King’s College London has banned an event from taking place in the Edmond J. Safra lecture theatre due to concerns that the talk might involve antisemitic content.
The event was planned as part of Israeli Apartheid Week and featured a talk by a South African Muslim Professor Farid Esack at the lecture theatre, which was named after a Beirut-born Jewish banker.
The move comes after founder of King’s Israel Society Sami Steinbock expressed concern that the speaker has been accused of making statements with antisemitic content and of sympathising with the Charlie Hebdo attackers.
Mr Esack directly responded to the allegations made by Steinbock saying, “If Edmond J. Safra was an ideological Zionist and uncritical in his support for Israel, then it was a sensitive move on the part of the University to not have the event in the lecture theatre named after him. If the decision was taken merely because he was a Jew, then it was a rather silly choice based on stereotyping all Jews.”
He added, “I am confident that a vast and extensive search of my entire public or personal history would not yield a single shred of evidence that I am anti-Semitic or Judeophobic.”
“I have no sympathy for any murderers – including the murderers of the Charlie Hebdo crowd. I confirm that I said that I will ‘not pray for Paris’ at that time. It may have been a bit insensitive then.”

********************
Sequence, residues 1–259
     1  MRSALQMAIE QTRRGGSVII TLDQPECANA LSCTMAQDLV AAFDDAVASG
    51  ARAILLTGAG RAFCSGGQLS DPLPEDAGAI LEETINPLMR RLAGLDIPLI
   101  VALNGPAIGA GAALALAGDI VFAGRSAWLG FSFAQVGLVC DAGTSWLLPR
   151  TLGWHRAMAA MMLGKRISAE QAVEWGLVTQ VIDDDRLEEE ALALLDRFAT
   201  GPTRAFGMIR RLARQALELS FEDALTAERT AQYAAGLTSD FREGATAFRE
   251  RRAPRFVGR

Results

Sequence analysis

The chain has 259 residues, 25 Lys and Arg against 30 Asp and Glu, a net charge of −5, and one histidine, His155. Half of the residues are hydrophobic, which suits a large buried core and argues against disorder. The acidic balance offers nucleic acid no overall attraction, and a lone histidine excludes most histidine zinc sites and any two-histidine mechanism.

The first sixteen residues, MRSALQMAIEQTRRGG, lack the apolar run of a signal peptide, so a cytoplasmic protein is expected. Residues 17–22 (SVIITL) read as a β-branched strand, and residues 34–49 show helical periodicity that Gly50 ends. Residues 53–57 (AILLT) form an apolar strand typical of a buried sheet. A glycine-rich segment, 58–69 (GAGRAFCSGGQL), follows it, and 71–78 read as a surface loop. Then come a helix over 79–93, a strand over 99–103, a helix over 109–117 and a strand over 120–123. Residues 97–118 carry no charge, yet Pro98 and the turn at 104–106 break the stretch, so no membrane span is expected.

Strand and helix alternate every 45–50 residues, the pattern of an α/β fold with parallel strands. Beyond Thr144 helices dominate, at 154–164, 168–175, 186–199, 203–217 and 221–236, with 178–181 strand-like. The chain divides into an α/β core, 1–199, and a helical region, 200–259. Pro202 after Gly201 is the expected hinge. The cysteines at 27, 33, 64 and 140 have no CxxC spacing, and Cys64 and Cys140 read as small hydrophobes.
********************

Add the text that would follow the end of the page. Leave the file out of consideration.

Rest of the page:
Whilst the talk will not be taking place in the original venue, the College confirmed that the event would still be taking place at Waterloo Campus. This is despite similar events being cancelled by the University of Central Lancashire, which cited the new definition of anti-Semitism adopted by the British government. UCL has also cancelled an event over a procedural issue.
“We do not tolerate racism or harassment of any kind and are committed to respect for all of our students and staff,” said a spokeswoman from King’s.
“Universities have a unique challenge to create environments in which open and uncensored debate from all sides can take place without fear of intimidation and within the framework of the law. King’s is no exception. The university has strict procedures in place to check the appropriateness of events and speakers hosted on campus,” she added.
The event is due to take place at 6:30-8:30pm on Tuesday 28th February in Franklin Wilkins Building (B5 Auditorium).